liver function tests

ALT 34 ALP 113

Q: ALT 34 ALP 113 is this bad or good?

Question: ALT is 34 U/L, ALP is 113 U/L
Is this good?

Answers:

Since the normal ALT, a liver enzyme, is up to 31 U/L, your number is slightly elevated, ALP, the alkaline phosphatase enzyme for biliary canals, is normal if up to 100 U/L, therefore your 113 is mild elevated.

To conclude, your results have mild elevated ALT enzyme and ALP enzyme which suggest a inflammation of the liver.

Recommendation:

Retest liver enzymes and ALP a week later to make sure that results goes higher to be clearly indicative, or go down to be certainly normal.

In the while, taking some minerals and immunity-boosters supplements is a good hint to allow the body proteins to stabilize.

ALT 34 ALP 113
jaundice bilirubin look in urine and eyes

Bilirubin Levels Chart (Normal, Low, High Bilirubin Levels Explained)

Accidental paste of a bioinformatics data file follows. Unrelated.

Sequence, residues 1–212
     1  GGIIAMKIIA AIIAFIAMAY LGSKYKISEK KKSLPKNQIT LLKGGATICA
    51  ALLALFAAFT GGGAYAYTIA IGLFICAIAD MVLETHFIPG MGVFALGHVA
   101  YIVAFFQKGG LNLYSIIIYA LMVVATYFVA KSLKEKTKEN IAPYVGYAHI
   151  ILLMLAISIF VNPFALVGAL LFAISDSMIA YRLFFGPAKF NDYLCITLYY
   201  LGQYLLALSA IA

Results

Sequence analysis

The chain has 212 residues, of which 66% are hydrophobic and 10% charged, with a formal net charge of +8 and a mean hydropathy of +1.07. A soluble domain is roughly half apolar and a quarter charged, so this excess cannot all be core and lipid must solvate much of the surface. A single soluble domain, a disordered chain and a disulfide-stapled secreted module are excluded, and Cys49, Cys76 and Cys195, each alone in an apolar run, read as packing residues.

Bilirubin Levels Chart is a table of common bilirubin levels that cause jaundice yellowish color of the skin and eyes sclera, including normal bilirubin levels, high bilirubin levels, and low bilirubin levels in the same place.

Where bilirubin comes from and where does bilirubin go to?

Bilirubin comes from the degradation of hemoglobin and cells breakdown by spleen or other organs, bilirubin enters bloodstream as large insoluble molecule which has the term (unconjugated), when reaches the liver, hepatic cells perform chemical reaction to make bilirubin soluble in the blood by bound it to the glucuronic acid by the enzyme glucuronyltransferase which then called (conjugated), conjugated bilirubin go from the liver to the intestine and undergoes reduction to the form called stercobilirubin which give the stool its yellowish color, another part of direct bilirubin go to urine through the kidney after being transformed to a compound called urobilinogen (urine dye) which gives the urine the yellowish color.